If Obama wants to deter future chemical attacks, then he should focus on deterrence instead of punishment

President Obama announced this afternoon that he has decided to launch an attack on Syria but will not move forward until Congress has had an opportunity to debate the issue and has voted to authorize the attack.

Earlier this week, Politico reported:

As President Barack Obama moves closer to calling for military action against Syria, a powerful ally that could help him win over skeptics is staying quiet.

The Israel lobby, including the high-profile American Israel Public Affairs Committee and other Jewish groups, isn’t pushing for intervention even as evidence emerged this week that the Assad regime used chemical weapons against its citizens.

The silence could be a problem for Obama, since the Jewish groups are connected across the political spectrum, wielding influence from the far right to liberal Democrats on issues critical to the Middle East — especially when it comes to the use of military force.

And while Obama has been willing to strike a foreign country without Congress’s approval — as he did in Libya — this time he not only faces a reluctant Congress, but a vocal chorus of Republican and Democratic lawmakers publicly advocating against entanglement.

Since AIPAC and the rest of the lobby have thus far remained silent, will they now start lobbying on behalf of the White House? Possibly, but it seems just as likely that they will not want to be held responsible for pushing Congress to make an unpopular decision.

As for what Congress will do, Obama is taking a gamble, but not as big a gamble as Britain’s prime minister David Cameron took when he got defeated in parliament. Chances are, Congress will bloviate on the issues, tip their hats in the direction of a president who was polite enough to ask their opinions and then, since they don’t really have any, they’ll mostly line up behind him support his decision and sing the praises of the men and women of America’s armed services.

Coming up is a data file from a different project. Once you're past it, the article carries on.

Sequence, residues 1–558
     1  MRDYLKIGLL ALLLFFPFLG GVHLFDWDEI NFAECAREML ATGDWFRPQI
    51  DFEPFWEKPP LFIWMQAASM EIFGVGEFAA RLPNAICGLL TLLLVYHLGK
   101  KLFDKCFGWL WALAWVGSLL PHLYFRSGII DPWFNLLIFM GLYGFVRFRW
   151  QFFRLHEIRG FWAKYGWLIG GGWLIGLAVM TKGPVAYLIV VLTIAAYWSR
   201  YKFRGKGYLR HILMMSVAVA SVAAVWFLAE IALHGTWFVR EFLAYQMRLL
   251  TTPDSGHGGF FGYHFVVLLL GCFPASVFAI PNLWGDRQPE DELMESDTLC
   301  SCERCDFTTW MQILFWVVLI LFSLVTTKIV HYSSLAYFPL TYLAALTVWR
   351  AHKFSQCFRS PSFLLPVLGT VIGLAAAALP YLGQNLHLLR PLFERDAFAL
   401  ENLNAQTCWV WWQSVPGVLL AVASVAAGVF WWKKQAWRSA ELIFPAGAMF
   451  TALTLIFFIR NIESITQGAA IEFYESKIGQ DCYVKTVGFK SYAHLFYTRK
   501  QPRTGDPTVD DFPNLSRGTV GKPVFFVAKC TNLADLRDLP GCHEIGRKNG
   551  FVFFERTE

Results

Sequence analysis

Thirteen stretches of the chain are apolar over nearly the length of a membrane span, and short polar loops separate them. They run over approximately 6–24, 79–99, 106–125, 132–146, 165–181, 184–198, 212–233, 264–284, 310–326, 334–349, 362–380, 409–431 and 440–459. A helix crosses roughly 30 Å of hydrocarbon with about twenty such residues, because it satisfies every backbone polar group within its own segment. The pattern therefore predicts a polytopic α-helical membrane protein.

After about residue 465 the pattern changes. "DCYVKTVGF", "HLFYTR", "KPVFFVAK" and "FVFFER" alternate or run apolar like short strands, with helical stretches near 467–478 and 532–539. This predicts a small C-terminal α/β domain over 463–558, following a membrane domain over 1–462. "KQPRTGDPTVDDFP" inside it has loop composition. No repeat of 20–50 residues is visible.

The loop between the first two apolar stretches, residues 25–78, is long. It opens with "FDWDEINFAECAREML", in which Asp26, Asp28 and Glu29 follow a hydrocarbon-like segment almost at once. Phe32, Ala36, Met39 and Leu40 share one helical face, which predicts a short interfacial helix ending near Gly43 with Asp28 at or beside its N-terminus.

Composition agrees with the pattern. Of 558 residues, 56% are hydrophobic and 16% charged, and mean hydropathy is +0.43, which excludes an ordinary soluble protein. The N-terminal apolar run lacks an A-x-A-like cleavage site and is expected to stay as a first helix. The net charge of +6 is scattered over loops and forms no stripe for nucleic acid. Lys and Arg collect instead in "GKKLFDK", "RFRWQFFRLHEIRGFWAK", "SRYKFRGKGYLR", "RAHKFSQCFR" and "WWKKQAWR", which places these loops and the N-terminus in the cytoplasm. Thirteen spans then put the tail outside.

Since Obama has introduced an element that up until now was not part of the debate — that this attack once authorized could come at any time at all — there is another course of action that the White House should consider and that might actually make more sense even to those who remain mesmerized by the supposed utility of America’s military strength: use it as an ongoing deterrent rather than an instrument of punishment. In other words, once Obama has been given the green light from Congress, U.S. battleships can then hold their positions off the coast of Syria indefinitely ready to strike without warning.

If the goal is simply to prevent further use of chemical weapons, the threat of an attack of indeterminate scope is likely to have much more impact on Assad’s calculations than the memory of an attack his forces managed to survive.

Obviously, there are more constructive courses of action that America and its allies should pursue that would not involve either the threat or use of military strikes, but since strikes themselves are the focus of the current debate, then it’s surely preferable to think about using that particular form of power in the most intelligent way possible.

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6 thoughts on “If Obama wants to deter future chemical attacks, then he should focus on deterrence instead of punishment